Obligate Oil on canvas 72" x 144" (triptych) - $14,000
Electric Sheep Oil on canvas 48" x 60" - $4,800
Sister Taxon Oil on canvas 40" x 72" - $4,600
Phylum Oil on canvas 48" x 60" - $4,800
Cade Oil on canvas 40" x 72" - $4,600
Murano Oil on canvas 30" x 65" - $3,200
Save Room Oil on panel 42" x 42" - $2,900
Spirit Being Oil on canvas 48" x 48" - $3,800
Deep Sleep Oil on canvas 33" x 72" - $3,900
"Sculpture has always been the most natural way to express me, taking a piece of stone or wood and letting it show me what lies beneath its surface brings me great pleasure."
Fraser Paterson was born in Bangor, Wales. He immigrated to Canada with his family when he was a small child. Throughout his formative years, he displayed a passion for sculpture and painting, which eventually lead him to study at the Ontario College of Art. During this time, he was accepted to participate in the off-campus program in Florence Italy where he rediscovered his first love, sculpture.
Upon graduation he apprenticed for renowned Inuit sculptor David Ruben Piqtoukun, working on large scale stone installations and assisting with smaller stone projects. Fraser then spent 6 months working as an artist in residence in Provence, France at the Four Winds Atelier. Ursula Hanes a well-known British sculptor had Fraser execute three large sculptures in limestone working from her maquettes while in France.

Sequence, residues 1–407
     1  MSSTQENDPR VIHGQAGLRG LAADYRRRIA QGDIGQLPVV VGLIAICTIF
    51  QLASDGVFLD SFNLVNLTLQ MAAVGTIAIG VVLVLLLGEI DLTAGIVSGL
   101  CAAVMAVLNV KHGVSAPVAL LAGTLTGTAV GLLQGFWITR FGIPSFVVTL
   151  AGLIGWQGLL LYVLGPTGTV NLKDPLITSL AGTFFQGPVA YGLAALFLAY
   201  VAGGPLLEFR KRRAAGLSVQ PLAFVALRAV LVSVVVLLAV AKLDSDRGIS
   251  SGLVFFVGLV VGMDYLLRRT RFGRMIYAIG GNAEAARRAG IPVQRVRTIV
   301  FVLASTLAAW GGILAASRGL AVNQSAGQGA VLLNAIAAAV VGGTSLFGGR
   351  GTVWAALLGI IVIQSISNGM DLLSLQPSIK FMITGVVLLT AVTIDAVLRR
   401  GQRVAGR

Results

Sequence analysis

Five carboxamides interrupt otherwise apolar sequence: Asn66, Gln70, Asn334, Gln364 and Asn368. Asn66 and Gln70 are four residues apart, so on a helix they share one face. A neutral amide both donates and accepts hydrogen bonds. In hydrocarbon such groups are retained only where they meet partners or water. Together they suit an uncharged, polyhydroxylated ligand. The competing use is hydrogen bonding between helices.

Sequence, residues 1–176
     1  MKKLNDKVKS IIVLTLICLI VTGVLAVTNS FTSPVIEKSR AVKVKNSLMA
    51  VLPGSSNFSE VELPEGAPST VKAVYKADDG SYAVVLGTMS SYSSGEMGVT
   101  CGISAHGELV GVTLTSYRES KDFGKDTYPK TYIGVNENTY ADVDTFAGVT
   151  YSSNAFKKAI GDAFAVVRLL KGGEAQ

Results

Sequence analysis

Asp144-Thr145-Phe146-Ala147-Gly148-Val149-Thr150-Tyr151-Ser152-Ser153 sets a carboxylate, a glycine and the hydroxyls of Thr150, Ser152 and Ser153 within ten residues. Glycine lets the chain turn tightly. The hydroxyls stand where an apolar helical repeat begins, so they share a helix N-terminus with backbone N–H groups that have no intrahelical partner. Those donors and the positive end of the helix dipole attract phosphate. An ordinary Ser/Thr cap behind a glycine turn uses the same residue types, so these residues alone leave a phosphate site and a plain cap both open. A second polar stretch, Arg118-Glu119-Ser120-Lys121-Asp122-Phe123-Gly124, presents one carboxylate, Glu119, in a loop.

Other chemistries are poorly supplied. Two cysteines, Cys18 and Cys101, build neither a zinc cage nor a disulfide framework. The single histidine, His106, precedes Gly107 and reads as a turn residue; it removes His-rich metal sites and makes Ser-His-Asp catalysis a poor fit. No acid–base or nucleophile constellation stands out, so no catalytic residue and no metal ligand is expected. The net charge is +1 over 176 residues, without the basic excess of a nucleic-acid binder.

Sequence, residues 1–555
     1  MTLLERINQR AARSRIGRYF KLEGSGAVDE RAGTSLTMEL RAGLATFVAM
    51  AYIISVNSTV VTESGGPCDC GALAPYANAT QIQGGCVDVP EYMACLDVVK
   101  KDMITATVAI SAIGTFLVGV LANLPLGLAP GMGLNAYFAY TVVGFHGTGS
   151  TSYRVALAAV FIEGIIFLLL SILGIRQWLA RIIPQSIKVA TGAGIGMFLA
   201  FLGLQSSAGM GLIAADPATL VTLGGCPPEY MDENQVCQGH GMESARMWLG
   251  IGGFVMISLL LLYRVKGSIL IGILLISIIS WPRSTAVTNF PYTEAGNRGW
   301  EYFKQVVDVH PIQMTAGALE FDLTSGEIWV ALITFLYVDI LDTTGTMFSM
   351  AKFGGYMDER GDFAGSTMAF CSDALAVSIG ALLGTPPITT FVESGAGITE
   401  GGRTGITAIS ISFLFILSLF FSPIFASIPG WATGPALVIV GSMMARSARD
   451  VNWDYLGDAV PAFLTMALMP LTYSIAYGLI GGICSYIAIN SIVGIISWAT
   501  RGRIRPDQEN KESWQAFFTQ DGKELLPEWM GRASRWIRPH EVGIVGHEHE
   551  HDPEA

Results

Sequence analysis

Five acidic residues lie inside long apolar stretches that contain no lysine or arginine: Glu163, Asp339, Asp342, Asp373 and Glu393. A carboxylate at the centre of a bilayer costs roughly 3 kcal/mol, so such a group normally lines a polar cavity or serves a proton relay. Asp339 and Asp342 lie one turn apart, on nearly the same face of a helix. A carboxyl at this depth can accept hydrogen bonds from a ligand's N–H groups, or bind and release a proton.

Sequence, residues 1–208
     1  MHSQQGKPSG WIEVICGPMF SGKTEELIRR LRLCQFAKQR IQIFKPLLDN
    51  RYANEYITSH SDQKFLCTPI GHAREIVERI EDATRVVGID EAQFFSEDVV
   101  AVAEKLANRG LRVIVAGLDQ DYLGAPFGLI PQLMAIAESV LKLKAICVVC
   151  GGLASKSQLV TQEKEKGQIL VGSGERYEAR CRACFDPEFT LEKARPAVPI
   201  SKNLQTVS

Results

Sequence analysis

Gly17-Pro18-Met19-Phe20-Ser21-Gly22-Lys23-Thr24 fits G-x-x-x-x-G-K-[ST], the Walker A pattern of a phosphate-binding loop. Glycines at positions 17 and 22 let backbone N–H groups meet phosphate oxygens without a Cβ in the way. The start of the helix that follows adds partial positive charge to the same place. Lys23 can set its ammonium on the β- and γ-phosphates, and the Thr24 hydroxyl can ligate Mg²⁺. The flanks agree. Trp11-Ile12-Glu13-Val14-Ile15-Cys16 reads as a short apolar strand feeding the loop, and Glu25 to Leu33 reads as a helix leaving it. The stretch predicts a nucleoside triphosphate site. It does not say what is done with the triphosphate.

Upon his return from France, he used his experience working on large-scale installations and stone carving to enter the world of props and set design for film and television. He created large sculptures for Paramount Pictures, eventually working as set designer and props builder for the Discovery Channel.
When working in stone Fraser draws inspiration from classical influences like Auguste Rodin and Constantine Brancusi. Fraser releases the female figure from raw alabaster using chisels, grinders and rasps. Devoid of heads and limbs the translucent stone bodies with quartz veins running through them, resemble an archaeological discovery. The stone appears to be revealing its ancient secrets to fresh eyes. When Fraser directs his creative energy to his cold rolled steel sculptures he reveals a playful conceptual side. His sculpture deals with self-image, self-projection and relationships, employing metamorphosis, scale, symbolism to deliver a question to his audience rather than an answer.
Fraser continues to participate in many Gallery exhibitions and is currently working on a new series of work incorporating steel and stone in his figurative style.